So my role is to direct Peter’s emotions. And between the pressure he is under for his thesis, his meeting with the beautiful Anna or even the societal and political upheavals of his time, the boy has something to be emotional about. But if he looks back on all those times while stranded in Antarctica, seeking help on his own, it’s because it was his past choices that led him to get on that plane. Unsurprisingly, some more important choices will allow you to influence Peter’s story, although I haven’t been able to see how yet. But from what I’ve seen, South of the Circle isn’t encumbered with excessive branching. The game is made in simplicity and sobriety, whether through its system of choices, the first themes addressed or even its artistic direction which had seduced me so much. But beware, simple does not mean tasteless, far from it. The sleek graphics of South of the Circle give it a touch of its own that is a pleasure to see. The games of color are mastered, the atmosphere well rendered and the soundtrack, although discreet, always sounds right to accompany each moment. Artistically, South of the Circle is a gem. As for the game, the actions are limited to a few moves and the choices described above. This title relies more on the narration than the game, you have to know that. Personally, I accepted the terms of the contract and let myself embark on seeing where this story will take us, Peter and me.

Like in the movies

Let’s put the story back in place if you don’t mind. Peter is therefore with Lloyd in a plane which crashed. The pilot’s leg is stuck, impossible for him to get out. It is therefore Peter who will have to face the freezing cold of Antarctica alone in order to seek help from the nearest base. Two periods therefore intertwine: on the one hand this present quest for survival and on the other a not so distant past reminding Peter why he came to this. The idea of ​​advancing over several time frames scared me a little, I must admit. Playing with time can quickly become confusing or affect the rhythm of the story. But this is absolutely not the case in South of the Circle. The transitions are beautifully done, whether in terms of colors, lighting effects or the story itself. I let myself be transported from Antarctica to Cambridge, from an abandoned base to a crowded train, from a car moving through the snow to a university office, without batting an eyelid. At times, I even felt like I was pushed into a movie theater seat watching a film from a particularly skilled director.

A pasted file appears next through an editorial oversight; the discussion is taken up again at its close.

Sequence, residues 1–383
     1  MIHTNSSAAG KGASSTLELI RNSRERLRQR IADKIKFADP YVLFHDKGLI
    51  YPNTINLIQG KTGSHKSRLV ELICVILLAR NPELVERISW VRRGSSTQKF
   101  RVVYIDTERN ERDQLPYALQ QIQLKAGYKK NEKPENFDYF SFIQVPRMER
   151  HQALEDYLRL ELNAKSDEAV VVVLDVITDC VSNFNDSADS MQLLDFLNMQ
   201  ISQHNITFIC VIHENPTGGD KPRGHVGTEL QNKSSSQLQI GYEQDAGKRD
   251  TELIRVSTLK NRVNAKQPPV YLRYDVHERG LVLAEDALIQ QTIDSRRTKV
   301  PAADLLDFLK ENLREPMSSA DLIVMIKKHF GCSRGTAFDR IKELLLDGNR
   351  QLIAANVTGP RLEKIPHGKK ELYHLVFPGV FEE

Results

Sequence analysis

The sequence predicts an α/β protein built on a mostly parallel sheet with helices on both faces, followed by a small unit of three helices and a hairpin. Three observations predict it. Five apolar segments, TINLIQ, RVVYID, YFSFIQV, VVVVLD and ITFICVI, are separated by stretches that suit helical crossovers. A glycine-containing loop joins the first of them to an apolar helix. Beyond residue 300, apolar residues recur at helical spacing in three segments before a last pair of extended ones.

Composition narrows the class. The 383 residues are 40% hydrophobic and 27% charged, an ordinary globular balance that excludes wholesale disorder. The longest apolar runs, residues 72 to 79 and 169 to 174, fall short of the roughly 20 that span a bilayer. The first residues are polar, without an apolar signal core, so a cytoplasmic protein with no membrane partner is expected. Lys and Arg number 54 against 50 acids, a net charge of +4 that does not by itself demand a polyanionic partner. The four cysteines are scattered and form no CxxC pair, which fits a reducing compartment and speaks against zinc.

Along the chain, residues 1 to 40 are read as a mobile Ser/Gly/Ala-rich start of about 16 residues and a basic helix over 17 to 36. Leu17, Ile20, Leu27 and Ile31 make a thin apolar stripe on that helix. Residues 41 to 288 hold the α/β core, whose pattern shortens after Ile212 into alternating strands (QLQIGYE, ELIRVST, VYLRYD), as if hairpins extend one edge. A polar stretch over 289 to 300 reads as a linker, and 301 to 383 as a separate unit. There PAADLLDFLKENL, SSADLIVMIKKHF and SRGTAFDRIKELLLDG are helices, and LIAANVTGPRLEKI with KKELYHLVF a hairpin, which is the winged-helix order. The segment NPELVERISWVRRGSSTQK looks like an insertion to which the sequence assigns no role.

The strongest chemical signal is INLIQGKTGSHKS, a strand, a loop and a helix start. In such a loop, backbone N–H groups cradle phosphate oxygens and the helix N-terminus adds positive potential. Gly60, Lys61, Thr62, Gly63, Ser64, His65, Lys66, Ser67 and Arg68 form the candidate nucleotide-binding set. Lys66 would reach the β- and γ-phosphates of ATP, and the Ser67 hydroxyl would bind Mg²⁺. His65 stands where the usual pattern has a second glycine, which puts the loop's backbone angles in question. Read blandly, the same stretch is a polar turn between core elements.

South of the Circle is actually all about a movie, and that’s what makes its story so gripping. Despite graphics far from the realism sought by some, the characters, their conversation and their stories are believable and we can identify with them very quickly. No secret, dubbing has a lot to do with it. State of Play has hired actors such as Anton Lesser (Qyburn in game of thrones), Gwylim Lee (Brian May in Bohemian Rhapsody) or Richard Goulding (Edward Adeane in The crown). Admittedly, these are not big names in cinema, but all the same more than qualified actors who always know how to find the right tone on such and such a line. Auditorily speaking, I almost thought I was back at the University in the middle of a discussion with a professor after a symposium. I felt the pressure in the way of my thesis tutor, the interest carried by that of the young Anna, the anguish in that of Peter after the crash… If the few translation errors at the level of the subtitles make sometimes wince, no complaints about the dubbing which allowed me to completely immerse myself in the story. A story that presents itself without pretension, without fantastic or particularly breathtaking events. Just the story of a man who has to lead his life despite the pressure and the disappointments… Work, love, demonstrate… Make decisions and find your place in society, with others or at their expense. Issues that will not fascinate all players, but which managed to grab me and ignite in me the desire to continue.

Lovers of atypical narrative experiences and simple stories, South of the Circle has something to bring you a pleasant parenthesis in your life. The game has just been released on PC, Nintendo Switch, PS5, PS4, Xbox Series and Xbox One.

In the middle of a heat wave, I went to Antarctica in a narrative video game that plays with emotions